“Workers Justice”
by Charlie Hoxie

There are over 725,000 undocumented New Yorkers who, despite paying over a billion dollars a year in taxes, hold no hope for any economic relief from the government. And as construction sites across the city close down, and the few that remain open threaten unsafe conditions and COVID-19 contagion, many undocumented workers worry about how they're going to make ends meet. The Workers Justice Project, a day laborer advocacy group based in Sunset Park, has started a relief fund to help its members, but with our economic downturn showing no signs of slowing, it's likely not enough.

“After The Pandemic”
by Charlie Hoxie

What if the coronavirus pandemic, and the devastation it has thrust upon our fragile economy, present an opportunity to fashion a more just & resilient system that works for all of society? That was the focus of a webinar recently hosted by Dale Willman, the associate director of the Resilience Media Program at Columbia University's The Earth Institute. The talk featured social economist Juliet Schor, ecological economist Jon Erickson, and interdisciplinary scholar Nate Hagens, who each laid out ideas for using the present tempest as an opportunity to chart a new course.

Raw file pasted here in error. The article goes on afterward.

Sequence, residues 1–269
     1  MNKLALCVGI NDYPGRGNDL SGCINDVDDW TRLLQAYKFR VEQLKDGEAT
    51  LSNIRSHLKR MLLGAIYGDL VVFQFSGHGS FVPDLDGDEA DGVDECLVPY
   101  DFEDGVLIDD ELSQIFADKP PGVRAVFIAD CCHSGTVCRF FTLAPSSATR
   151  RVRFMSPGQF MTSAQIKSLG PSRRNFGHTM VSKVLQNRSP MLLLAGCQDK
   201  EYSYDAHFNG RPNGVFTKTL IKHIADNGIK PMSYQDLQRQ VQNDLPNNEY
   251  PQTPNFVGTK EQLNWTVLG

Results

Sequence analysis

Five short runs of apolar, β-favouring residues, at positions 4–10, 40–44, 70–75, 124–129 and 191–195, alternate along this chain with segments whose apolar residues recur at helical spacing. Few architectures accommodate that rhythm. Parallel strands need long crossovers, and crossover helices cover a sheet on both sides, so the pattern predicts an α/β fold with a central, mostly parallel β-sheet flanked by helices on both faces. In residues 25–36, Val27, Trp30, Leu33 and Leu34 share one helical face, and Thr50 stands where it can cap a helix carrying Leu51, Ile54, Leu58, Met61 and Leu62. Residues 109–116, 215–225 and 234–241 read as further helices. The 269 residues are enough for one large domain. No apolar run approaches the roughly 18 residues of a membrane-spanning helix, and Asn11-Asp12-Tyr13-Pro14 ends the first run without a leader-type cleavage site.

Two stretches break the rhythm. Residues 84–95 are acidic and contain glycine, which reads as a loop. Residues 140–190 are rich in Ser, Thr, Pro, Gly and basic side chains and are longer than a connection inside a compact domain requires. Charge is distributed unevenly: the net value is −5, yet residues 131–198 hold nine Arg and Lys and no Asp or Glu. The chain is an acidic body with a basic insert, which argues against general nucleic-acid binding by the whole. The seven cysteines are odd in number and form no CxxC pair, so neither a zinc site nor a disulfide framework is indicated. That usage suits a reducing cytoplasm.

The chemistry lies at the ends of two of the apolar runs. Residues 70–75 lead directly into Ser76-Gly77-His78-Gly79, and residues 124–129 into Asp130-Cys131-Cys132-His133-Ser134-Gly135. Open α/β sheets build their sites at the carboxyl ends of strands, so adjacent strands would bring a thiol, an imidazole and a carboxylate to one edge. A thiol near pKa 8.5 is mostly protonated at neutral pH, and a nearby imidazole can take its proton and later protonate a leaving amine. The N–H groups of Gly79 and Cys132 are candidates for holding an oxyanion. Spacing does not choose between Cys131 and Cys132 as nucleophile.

“They Kept Some Of It For Themselves”
by Ross Tuttle and Sachar Mathias

Last month, the governor of Illinois authorized a state official to meet a middleman in a MacDonald’s parking lot with a $3-and-a-half million dollar check to pay for a shipment of N95 masks from China. The official had to be there by 2pm. Arrive any later, and the deal would be off, they were told. A bidding war was about to begin for the merchandise.

The shortage of PPE, or personal protective equipment is real. Doctors are reusing what was once considered disposable gear and have to sign out masks to carry around in paper bags. Some are using trashbags as coveralls, using shreds of their gowns to cover their faces, and some are even making their own equipment at home. 

Before two months ago, PPE was hardly a household name and it’s probably safe to say few people had ever given much thought to how hospitals get their gear. But we’re living in unusual times, and the scarcity and competition over N95 masks almost feels like a measure of our collective wellbeing, or lack thereof. 

Given PPE’s outsized importance to those on the frontlines, we talked to some of the people who link the supply chain – whether for hospitals, collectives or loved ones. 

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See you on the other side, in Brooklyn, USA.

Brooklyn, USA is produced by Sachar Mathias, Emily Boghossian, Shirin Barghi, Khyriel Palmer, Mayumi Sato and Charlie Hoxie, with help this week from Ross Tuttle, Justin Bryant, Nefertiti Dallas, Junior Meteorologist Griff C, Lauren Germain, and Taylor Cook. 

For more information on this and all BRIC Radio podcasts, visit www.bricartsmedia.org/radio.